At some point one of the things I realized about my relationship to videogame was that it had stopped yielding any positive dividend. Where as a teenager I was mostly a social recluse, it gave me a topic to talk about with others and some kind of input to my emotions. Maybe in a way, I was getting some kind of emotional input out of videogames. I thought I could identify with characters that I could not fundamentally share experiences with.
Maybe something was wrong with my head, I used to wonder - it kept me from socializing with people properly. My parents often told me when I asked that therapy or counseling was pointless. I would only get told “what I wanted to hear” and that I was better off learning from life.
My brother used to take me by the wrist and drag me out to parties. I drank a lot, probably starting somewhere around 13-14. That was what I did: meet my brothers friends and drink with them. They became my friends and basically the only friends I had.
I could still not identify with people in videogames like I was told I was supposed to. A teacher I had used to get on me for the things I liked reading. “They were for people a lot older.” she would say. Truthfully, I didn’t really identify or share any emotional experiences with the people in those books either.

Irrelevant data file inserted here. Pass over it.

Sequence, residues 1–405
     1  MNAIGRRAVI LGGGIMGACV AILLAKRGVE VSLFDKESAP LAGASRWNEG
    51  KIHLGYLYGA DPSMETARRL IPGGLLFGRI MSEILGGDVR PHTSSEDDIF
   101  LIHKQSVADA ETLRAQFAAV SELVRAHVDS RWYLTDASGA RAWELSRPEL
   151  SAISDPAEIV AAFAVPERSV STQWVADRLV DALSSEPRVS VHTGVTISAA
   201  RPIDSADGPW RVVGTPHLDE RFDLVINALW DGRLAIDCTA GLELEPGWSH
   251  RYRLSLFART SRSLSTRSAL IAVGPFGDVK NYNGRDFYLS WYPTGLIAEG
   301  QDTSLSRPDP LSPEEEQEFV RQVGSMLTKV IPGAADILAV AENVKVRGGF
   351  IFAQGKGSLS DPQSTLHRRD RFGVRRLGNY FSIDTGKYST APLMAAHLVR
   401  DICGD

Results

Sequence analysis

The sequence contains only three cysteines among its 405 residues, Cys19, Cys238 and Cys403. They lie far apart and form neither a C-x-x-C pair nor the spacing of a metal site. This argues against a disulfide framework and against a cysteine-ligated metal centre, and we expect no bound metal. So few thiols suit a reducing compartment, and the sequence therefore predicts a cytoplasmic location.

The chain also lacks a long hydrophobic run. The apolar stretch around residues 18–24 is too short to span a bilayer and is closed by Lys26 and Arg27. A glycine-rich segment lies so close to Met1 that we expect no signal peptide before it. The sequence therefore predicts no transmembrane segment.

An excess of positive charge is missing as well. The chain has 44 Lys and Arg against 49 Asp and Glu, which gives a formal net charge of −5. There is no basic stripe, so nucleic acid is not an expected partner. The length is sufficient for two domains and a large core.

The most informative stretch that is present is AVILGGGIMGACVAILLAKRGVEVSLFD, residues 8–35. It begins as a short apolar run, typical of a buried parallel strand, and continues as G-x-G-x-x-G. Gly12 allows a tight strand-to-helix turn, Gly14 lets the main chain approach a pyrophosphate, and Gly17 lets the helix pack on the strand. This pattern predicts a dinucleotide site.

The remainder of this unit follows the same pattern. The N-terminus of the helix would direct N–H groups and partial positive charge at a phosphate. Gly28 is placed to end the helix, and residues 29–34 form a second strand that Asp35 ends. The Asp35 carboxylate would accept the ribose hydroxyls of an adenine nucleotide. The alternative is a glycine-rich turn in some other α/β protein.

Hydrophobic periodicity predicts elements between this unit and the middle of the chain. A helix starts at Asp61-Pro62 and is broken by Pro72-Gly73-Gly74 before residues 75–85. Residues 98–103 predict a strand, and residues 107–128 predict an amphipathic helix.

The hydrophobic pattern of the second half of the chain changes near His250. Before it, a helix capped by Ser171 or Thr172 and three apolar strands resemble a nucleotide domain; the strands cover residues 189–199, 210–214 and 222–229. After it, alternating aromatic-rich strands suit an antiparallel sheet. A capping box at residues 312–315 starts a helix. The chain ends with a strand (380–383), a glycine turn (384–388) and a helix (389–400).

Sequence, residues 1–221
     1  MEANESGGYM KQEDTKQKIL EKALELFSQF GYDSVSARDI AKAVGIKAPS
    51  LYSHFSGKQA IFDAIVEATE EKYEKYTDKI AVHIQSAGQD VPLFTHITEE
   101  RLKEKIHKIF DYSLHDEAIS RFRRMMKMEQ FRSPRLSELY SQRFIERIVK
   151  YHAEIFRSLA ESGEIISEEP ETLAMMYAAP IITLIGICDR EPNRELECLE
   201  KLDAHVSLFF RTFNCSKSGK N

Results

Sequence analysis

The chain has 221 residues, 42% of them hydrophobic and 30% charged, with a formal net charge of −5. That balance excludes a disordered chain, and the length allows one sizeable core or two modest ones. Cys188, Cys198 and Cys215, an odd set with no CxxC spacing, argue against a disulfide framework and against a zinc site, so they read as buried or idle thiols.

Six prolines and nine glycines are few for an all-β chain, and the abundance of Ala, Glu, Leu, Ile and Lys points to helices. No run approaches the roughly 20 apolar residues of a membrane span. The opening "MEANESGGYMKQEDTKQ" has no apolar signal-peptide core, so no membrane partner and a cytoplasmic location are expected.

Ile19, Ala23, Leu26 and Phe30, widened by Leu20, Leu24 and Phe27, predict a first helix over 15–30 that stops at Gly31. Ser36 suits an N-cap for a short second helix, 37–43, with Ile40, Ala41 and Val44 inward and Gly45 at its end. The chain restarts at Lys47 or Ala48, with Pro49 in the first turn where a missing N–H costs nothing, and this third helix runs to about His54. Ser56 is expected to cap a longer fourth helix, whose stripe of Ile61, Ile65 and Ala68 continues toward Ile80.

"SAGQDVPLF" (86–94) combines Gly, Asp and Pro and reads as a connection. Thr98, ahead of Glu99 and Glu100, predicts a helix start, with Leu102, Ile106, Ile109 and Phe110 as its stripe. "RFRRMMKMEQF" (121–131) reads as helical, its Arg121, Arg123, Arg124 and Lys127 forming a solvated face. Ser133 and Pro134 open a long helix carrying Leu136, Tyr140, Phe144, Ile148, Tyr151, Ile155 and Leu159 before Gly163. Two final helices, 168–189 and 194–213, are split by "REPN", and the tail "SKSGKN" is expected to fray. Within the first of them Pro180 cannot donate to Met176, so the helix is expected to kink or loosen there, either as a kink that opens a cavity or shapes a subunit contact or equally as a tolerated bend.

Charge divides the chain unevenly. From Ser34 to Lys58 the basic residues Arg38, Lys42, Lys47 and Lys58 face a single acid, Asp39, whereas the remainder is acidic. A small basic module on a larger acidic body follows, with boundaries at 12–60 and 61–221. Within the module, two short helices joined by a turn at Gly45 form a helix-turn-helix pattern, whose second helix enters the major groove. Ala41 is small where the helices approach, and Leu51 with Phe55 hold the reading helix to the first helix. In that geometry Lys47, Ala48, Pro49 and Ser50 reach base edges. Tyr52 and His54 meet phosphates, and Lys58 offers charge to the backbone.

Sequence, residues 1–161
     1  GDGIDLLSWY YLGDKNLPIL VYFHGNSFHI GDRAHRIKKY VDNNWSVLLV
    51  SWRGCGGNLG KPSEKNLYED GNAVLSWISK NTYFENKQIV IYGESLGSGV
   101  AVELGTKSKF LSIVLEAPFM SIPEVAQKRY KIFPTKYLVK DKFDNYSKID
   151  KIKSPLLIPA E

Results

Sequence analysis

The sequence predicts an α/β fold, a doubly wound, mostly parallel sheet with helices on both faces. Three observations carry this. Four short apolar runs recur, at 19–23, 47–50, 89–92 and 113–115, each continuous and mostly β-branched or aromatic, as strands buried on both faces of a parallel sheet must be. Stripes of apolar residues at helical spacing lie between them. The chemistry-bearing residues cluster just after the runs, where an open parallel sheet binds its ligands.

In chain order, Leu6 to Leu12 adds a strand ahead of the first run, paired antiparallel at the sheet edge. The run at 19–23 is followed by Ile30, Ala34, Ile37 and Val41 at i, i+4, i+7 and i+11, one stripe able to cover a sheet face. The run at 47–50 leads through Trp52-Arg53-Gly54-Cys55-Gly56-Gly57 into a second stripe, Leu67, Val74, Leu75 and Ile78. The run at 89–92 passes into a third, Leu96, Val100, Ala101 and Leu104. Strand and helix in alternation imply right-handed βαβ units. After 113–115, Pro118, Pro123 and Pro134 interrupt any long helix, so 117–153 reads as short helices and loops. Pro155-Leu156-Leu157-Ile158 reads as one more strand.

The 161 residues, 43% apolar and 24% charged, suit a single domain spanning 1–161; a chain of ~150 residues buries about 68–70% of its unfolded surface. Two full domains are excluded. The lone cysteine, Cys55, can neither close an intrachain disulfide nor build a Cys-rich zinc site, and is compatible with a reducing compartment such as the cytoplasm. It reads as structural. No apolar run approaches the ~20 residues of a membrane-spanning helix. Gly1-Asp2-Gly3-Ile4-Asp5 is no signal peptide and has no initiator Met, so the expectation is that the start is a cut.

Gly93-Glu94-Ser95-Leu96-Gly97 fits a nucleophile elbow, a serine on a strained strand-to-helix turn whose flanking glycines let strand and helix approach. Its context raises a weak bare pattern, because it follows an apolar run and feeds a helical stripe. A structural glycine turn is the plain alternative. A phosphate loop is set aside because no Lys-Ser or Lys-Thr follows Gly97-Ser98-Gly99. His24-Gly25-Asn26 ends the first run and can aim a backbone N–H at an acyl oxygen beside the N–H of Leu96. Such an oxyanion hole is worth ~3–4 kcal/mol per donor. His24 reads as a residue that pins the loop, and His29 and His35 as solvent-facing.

For a long time I felt pretty hollow as a teenager. I would dress it up in a lot of overly poetic philosophy that I stole from other places. Someone explained to me then that I had been looking at it all wrong. There was no point in trying to find some kind of emotional kinship with people who would save the world - what you were supposed to do was feed your experiences in them.
Someone had to explain to me how to have an emotional connection with a work of art. Since then, one of my darker habits has been that I would rather have an emotional connection with a work of creativity than I would any person I’ve probably ever met. Relationships are temporary, fiction is immortal.